Conservation partners across Nebraska pitched in to help when Pheasants Forever organized a campaign recently to meet with landowners statewide and speak with them about the Conservation Reserve Program (CRP).
CRP is a voluntary conservation program that offers environmental benefits such as erosion control and wildlife habitat while providing annual payments that add to farm income. The soil rental rates on which annual CRP payments are calculated rose by an average of 13% in 2014, with some counties seeing a 30% increase, so PF and its partners decided it was time to invite landowners to consider CRP as one of their options. In addition, the timing of the meetings underlined the approaching February 26 deadline for General CRP sign-up, while also pointing out the many options available under Continuous CRP.
In late December, PF sent 43,280 letters to Nebraska landowners, giving them an overview of CRP, notifying them of the increased rental rates and, in most cases, inviting them to an informational meeting to learn more about the program’s opportunities. The RWBJV’s GIS office helped develop the mailing list by conducting the analysis that identified landowners whose tracts of land were in priority areas; letters also went to previously-enrolled landowners whose CRP contracts had recently expired, and to those in several targeted counties.
In cooperation with the Nebraska Game and Parks Commission and USDA, PF hosted 56 informational landowner meetings statewide, led by local Farm Bill wildlife biologists. Most meetings were held in January, shortly after landowners received the CRP letter.
The targeted, carefully timed letter seems to have been overwhelmingly successful. In south-central Nebraska, for example, some 100 landowners attended Farm Bill wildlife biologist Jessica Edgar’s meetings. Many attendees, she said, indicated they had learned of the meeting through the CRP letter, which also included a map showing the new rental rates. “A lot of them came with the letter in hand,” she said. Additional publicity came from local newspaper articles, FSA newsletters, and personal phone calls.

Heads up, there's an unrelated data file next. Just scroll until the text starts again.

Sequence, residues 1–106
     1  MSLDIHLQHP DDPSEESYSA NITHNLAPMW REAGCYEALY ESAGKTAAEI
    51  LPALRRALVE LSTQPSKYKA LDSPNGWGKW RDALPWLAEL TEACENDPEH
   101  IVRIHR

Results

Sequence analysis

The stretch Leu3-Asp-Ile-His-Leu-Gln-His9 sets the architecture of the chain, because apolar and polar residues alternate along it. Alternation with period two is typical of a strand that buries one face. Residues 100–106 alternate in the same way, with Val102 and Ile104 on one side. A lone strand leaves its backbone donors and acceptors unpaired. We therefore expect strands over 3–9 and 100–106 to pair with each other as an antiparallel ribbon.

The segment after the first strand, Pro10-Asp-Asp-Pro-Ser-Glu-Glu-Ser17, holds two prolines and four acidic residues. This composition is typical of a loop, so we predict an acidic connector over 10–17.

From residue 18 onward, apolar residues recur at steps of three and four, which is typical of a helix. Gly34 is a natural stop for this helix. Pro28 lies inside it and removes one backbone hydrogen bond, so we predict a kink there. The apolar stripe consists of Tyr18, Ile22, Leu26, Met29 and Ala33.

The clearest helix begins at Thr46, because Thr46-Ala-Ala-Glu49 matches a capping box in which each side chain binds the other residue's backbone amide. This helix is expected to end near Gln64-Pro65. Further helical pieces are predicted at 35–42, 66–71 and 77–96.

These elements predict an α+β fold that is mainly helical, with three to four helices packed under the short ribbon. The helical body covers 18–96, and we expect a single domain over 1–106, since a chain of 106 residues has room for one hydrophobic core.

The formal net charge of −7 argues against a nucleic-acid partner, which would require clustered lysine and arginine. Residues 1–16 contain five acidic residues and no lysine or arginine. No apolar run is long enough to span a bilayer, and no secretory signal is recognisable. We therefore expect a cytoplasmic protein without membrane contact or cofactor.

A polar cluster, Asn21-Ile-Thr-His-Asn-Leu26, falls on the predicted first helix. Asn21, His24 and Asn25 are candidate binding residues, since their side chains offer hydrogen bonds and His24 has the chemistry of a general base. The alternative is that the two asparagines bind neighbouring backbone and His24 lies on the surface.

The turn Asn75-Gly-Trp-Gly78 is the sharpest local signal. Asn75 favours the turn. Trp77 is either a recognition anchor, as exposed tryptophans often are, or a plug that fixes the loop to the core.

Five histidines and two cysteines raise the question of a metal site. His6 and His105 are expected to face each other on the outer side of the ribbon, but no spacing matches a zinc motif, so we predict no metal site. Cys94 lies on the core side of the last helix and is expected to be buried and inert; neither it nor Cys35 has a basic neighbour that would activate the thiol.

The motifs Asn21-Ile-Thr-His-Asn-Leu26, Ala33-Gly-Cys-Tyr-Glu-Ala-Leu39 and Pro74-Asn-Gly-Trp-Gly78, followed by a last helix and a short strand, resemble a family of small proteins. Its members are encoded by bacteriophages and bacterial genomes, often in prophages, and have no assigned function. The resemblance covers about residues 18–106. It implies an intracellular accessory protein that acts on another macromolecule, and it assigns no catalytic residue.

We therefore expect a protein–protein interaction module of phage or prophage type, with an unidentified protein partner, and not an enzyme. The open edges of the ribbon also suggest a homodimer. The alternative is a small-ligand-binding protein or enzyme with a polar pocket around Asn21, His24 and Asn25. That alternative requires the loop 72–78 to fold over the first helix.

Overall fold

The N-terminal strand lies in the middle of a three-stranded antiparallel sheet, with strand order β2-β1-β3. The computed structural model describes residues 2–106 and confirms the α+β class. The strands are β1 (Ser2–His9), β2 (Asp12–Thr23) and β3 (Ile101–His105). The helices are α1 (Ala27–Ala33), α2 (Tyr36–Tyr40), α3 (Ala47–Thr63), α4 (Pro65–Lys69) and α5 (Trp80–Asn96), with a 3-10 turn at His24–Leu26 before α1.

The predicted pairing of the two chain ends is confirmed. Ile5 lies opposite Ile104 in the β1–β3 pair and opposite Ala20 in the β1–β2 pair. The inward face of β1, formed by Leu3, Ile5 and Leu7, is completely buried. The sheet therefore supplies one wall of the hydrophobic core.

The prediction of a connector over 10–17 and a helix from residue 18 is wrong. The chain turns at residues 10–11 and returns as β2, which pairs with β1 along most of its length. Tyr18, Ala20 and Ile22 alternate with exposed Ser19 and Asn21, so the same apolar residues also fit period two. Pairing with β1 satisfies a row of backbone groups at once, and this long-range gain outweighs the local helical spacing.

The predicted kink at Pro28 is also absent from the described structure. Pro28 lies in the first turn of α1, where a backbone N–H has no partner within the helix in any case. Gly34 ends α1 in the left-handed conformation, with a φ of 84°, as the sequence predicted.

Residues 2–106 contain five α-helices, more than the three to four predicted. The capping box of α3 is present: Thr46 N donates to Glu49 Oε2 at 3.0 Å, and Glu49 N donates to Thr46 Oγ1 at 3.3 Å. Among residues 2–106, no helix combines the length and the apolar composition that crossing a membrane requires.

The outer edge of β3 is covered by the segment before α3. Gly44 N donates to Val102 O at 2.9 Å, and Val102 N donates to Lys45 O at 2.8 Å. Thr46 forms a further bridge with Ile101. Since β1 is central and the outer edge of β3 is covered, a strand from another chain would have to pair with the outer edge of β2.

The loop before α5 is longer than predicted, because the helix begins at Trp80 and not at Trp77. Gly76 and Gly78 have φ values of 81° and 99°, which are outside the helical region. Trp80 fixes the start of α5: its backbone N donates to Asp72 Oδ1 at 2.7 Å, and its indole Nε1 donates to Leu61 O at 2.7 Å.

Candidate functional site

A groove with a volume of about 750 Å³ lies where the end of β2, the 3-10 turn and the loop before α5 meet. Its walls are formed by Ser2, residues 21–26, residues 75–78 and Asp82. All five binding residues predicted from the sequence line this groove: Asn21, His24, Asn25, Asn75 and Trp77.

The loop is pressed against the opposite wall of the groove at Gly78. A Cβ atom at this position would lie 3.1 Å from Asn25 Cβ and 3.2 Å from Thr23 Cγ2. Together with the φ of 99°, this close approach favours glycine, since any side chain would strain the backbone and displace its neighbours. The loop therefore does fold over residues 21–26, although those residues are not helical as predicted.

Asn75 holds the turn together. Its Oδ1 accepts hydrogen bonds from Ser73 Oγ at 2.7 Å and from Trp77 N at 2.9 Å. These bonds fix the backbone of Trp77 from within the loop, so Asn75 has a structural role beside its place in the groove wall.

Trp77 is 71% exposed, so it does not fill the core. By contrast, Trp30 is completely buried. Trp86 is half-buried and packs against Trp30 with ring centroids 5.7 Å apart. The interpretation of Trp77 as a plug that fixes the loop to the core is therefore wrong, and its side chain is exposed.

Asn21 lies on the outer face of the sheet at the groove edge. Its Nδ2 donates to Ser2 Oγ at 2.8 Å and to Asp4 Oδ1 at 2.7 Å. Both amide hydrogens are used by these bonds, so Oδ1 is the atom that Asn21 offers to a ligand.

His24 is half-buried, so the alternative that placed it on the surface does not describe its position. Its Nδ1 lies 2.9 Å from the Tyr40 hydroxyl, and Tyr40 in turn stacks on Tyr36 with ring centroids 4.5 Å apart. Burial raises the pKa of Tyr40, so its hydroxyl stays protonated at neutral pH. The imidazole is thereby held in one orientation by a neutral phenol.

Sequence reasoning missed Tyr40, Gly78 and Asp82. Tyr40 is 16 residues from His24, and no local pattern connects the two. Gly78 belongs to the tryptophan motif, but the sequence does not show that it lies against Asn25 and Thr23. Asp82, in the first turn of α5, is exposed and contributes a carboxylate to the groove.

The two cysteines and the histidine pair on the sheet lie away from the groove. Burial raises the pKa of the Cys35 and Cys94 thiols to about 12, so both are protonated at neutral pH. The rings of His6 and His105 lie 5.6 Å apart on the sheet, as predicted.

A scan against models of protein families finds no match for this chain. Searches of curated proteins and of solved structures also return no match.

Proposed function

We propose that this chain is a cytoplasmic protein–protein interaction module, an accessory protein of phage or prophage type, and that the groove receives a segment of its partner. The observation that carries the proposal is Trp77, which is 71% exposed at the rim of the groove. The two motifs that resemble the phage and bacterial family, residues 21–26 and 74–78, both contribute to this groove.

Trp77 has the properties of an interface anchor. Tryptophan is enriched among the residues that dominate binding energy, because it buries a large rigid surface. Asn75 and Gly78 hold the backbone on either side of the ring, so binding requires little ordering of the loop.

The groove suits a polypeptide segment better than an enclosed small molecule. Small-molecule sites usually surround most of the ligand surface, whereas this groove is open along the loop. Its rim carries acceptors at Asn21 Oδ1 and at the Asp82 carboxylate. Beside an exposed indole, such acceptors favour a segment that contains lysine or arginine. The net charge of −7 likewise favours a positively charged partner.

Jennifer Frisch, the Farm Bill wildlife biologist based in Fairbury, says her meetings drew a variety of landowners, including many who had never heard of CRP before. Attendees not only learned about the program basics, but heard about the value of high-diversity seedings, the benefits of pollinator habitat, and the need for mid-contract management.
That’s good news. The better news is that interest in the meetings appears to be translating into interest in CRP enrollments. “For about a month after our CRP meetings, I was getting phone calls every single day, sometimes once an hour or more,” Frisch reports. “They all wanted to know more about their options and to set up site visits to see what they could do.”
Jess Edgar likewise noted that several people who attended her meetings are now enrolled in CRP. Response may have been especially strong in counties with more dryland farming and greater increases in rental rates. But, she says, “across the board, interest was up, statewide.”
The support of conservation partners was a big part of the program’s success. NGPC’s wildlife biologist John Laux, for example, attended all of Edgar’s meetings and spoke about access and mid-contract management. Local PF chapters donated money for food, and members attended the meetings. FSA staff – with whom producers generally already had working relationships – also gave presentations. “We had amazing support,” says Edgar. “Everybody really came together.”